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In the Opening Prayer of today’s Mass, we prayed for “freedom of heart” – that we might choose wisely what God wishes.


So, let’s spend a few minutes considering Wisdom. 


In the Hebrew Scriptures, wisdom is considered in two ways: as something essentially rational and practical seen in maxims or proverbs of moral conduct, and as a gift from God. Wisdom is gained by counsel and instruction from those who are wise. It is personified in the Hebrew Scriptures (Old Testament) as feminine: “Resplendent and unfading is wisdom, and she is readily perceived by those who love her and found by those who seek her” (First Reading). The Psalmist “thirsts” for her.


The fact that we pray to the Holy Spirit for wisdom has led some scholars to relate to the
Spirit as feminine.


The Israelite understanding of Wisdom is based on the reverential fear of God: creature to Creator. Finally, wisdom is different from knowledge; it orders what is known toward a determined end. In the Bible, that end is God and God alone.


Some questions seeking wisdom are:


What is the purpose of my life?

Where is God in my life?

What are my basic faith values?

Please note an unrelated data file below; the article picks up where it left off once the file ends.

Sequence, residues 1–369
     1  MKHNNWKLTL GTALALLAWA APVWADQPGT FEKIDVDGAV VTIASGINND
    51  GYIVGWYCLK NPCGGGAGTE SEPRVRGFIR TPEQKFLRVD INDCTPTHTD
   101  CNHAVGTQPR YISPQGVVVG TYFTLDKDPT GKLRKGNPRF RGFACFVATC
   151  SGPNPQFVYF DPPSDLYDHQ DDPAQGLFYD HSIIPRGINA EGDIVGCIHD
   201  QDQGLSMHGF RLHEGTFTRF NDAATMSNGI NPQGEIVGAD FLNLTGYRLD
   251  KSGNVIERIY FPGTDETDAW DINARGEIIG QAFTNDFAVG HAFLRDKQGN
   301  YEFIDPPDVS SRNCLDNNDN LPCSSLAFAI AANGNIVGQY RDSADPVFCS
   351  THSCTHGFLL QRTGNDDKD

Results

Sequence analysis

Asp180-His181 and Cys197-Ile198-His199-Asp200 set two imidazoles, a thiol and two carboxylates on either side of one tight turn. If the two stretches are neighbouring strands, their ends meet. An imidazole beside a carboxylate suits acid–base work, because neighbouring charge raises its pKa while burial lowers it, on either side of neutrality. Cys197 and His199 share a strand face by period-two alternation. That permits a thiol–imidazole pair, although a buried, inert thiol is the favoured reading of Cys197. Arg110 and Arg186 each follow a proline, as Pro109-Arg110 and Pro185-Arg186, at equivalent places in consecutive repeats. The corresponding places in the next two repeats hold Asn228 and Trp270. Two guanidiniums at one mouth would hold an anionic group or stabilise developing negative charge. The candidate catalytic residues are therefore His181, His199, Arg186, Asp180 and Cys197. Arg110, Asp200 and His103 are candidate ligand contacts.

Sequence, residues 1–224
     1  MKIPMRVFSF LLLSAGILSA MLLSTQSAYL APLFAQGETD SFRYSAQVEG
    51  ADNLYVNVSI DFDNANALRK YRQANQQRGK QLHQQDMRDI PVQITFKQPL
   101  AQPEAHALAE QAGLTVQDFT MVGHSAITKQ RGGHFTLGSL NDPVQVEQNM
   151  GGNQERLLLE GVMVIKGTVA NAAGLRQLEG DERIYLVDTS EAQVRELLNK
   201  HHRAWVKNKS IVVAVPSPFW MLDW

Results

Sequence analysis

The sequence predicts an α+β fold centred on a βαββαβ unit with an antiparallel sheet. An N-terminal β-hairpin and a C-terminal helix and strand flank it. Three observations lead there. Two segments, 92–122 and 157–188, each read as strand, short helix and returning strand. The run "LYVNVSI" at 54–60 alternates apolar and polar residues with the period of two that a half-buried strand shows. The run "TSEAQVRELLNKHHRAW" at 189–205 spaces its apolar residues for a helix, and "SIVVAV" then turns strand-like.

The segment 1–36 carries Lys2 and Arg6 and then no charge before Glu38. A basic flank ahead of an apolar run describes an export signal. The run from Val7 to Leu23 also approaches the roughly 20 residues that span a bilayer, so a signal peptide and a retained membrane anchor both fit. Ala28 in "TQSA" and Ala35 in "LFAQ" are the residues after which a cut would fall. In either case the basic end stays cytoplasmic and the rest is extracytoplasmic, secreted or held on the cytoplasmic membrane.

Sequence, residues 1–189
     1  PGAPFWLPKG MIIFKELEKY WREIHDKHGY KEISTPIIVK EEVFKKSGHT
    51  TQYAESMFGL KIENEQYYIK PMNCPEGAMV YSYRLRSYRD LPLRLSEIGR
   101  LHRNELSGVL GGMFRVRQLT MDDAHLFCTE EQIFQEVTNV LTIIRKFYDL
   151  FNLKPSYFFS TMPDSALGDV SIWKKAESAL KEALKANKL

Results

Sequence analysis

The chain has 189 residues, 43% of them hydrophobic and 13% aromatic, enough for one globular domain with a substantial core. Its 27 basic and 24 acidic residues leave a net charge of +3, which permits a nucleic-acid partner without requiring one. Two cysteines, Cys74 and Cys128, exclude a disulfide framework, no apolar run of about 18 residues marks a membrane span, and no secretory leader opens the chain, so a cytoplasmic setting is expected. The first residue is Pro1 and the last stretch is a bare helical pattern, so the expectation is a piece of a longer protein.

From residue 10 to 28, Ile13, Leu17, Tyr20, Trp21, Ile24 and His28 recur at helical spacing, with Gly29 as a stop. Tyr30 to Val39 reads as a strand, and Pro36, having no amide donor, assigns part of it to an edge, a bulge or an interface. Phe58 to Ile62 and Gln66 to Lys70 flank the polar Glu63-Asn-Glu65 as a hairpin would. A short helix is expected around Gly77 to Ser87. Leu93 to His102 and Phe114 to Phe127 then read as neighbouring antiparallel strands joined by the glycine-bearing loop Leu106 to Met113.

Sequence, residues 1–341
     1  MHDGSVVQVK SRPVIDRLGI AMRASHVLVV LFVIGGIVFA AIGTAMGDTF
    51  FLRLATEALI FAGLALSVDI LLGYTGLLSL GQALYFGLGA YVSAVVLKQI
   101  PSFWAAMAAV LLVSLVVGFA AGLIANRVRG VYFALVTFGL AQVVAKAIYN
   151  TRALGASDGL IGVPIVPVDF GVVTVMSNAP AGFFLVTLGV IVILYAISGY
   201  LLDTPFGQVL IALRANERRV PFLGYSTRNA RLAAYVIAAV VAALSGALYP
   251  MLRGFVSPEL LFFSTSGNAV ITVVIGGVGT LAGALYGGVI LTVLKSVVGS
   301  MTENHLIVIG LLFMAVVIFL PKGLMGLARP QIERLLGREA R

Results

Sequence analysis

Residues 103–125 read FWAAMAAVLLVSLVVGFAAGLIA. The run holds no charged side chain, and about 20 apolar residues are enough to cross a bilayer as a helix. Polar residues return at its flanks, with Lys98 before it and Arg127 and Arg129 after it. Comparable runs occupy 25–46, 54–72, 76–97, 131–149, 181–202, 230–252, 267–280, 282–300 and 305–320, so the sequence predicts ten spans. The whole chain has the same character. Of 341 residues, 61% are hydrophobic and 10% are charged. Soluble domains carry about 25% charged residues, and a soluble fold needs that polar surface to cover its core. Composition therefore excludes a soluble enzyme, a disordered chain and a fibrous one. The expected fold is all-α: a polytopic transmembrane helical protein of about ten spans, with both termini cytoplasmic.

What is the ultimate meaning of my life?


This brings us to the Gospel and one of the parables shared by Jesus. Parables require a willingness in the listener to think




deeply and to take time to reflect on their meaning. They are wisdom stories, not conventional ones. In the parables all the assumptions of human life are held up for
scrutiny and are found wanting; parables often disturb our world view. However,
if we persist, by taking the time to reflect on their hidden message they bring us closer to God and how God wants us to be.


Scripture Scholar Fr. George Smiga introduces us to today’s parable of the 5 wise virgins and the 5 foolish ones:


“At first it seems uncharitable that the wise bridesmaids refuse to share their oil with the foolish ones. Yet an important truth of this parable emerges when we understand
that the response of the wise bridesmaids is fully justified….. The foolish are those who do not assume their proper responsibilities, those who are negligent in doing what is right.”


The “oil” represents a state of readiness. 

The bridegroom coming at night – the uncertain and unexpected time of the Lord’s coming.


The “wise 5” understand their need to be spiritually prepared for the God of surprises.


Writer Maureen Wicken brings the parable home to us:

“Like wise bridesmaids, the wise ones of this world are already making time to be with God in their everyday lives, keeping the night watches like the psalmist, and allowing God’s love to fill their oil jars so they always experience God’s presence. The foolish ones are not ready and do not realize that God is actually waiting for them.”





Loving God, help us to be wise disciples

of your Son:

prepared for your unexpected visits;

and open to ‘finding You in the ordinary


of our life as well as the bigger ones.



The Book of Wisdom 6:12-16     Psalm 63:2-8     Matthew 25:1-13


Fr. Max Oliva, S.J.

November 8, 2020


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